Annually, the Seismological Society of America (SSA) recognizes excellence in student research with its Student Presentation Award. This year's list of eight recipients includes IRIS Internship alumni Justin Brown (Class of 2004). Justin was recognized for his continued efforts to better understand factors that influence Tremor (abstract below). Congratulations Justin! Justin was also recognized by the SSA community with a previous Student Presentation Award in 2008.
Be sure to browse the lists of past recipients when visiting the SSA website as other program alumni have also won this award.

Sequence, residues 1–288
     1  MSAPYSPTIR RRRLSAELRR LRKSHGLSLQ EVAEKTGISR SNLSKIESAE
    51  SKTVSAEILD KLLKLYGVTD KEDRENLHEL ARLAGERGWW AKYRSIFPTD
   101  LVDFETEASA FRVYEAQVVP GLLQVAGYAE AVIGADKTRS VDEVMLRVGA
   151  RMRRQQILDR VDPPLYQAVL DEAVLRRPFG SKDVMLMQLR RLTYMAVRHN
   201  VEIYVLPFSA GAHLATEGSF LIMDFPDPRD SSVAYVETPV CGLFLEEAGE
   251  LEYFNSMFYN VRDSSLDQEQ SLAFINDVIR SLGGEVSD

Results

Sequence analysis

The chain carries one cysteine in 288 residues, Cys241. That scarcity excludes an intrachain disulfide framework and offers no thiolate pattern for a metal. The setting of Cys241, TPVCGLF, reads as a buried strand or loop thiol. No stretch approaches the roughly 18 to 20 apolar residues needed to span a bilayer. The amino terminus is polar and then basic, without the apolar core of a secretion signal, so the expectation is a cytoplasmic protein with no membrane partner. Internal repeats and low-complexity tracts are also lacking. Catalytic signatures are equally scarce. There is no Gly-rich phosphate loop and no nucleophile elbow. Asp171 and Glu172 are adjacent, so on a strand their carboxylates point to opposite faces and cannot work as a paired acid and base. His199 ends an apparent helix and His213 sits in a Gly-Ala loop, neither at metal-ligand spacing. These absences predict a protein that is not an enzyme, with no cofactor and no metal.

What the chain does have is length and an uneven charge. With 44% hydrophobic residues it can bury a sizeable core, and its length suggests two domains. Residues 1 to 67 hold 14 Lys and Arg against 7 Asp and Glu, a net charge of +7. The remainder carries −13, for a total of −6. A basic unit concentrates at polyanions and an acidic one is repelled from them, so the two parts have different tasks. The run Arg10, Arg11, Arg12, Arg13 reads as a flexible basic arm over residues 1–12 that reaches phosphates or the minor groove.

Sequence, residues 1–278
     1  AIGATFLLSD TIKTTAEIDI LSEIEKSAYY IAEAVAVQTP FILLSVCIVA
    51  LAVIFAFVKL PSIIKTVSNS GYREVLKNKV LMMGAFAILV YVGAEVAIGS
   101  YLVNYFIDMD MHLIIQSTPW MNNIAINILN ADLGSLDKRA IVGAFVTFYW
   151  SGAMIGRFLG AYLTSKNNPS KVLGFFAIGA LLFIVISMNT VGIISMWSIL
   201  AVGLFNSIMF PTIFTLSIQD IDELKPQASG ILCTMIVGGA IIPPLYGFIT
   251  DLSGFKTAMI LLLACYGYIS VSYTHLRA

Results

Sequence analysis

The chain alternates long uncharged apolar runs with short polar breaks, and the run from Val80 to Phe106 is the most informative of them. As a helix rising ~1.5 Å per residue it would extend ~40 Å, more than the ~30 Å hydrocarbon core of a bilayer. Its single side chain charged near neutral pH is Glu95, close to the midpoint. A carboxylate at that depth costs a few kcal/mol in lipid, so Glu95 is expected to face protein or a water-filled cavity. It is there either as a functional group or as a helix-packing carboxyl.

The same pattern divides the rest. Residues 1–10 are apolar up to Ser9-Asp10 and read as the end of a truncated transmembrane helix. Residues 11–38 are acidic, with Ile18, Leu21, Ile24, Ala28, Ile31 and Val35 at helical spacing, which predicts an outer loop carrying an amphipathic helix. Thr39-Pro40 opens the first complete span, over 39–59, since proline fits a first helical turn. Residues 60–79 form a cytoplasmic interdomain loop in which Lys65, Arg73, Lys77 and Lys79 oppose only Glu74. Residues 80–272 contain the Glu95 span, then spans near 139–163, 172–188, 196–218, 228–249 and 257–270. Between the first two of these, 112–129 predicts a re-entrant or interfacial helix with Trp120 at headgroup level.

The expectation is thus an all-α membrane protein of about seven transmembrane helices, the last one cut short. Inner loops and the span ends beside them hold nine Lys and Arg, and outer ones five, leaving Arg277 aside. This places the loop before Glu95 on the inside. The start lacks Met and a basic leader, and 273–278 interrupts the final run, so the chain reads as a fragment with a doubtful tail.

Tectonic tremor from multiple circum-Pacific subduction zones has been shown to consist of repeating low frequency earthquakes on the plate interface. Tremor/LFE occurrence in some areas exhibits episodic behavior down-dip of previous great mega-thrust earthquakes suggesting that the tremor may delimit the lower edges of large earthquake rupture. We investigate where and why tremor does (and does not) occur. We compare observations of LFE locations in five subduction zones: southwest Japan, Cascadia, Alaska-Aleutian Arc, Costa Rica and Mexico. We compare the LFE location patterns among the five areas with subduction parameters such as incoming sediment thickness, plate age, convergence rate and temperature. A preliminary conclusion is that temperature exerts a strong influence on LFE depth; warmer subduction zones (e.g. southwest Japan, Cascadia) experience tremor activity around 30-40 km depth, whereas cooler subduction zones (e.g. the Alaska-Aleutian Arc) experience tremor between 45-55 km depth. In addition, sediment thickness seems to play little to no role in tremor/LFE depths. This may be attributable to the amount of shear and chemical alterations that occur in the primary seismogenic zone up-dip from the tremor zone.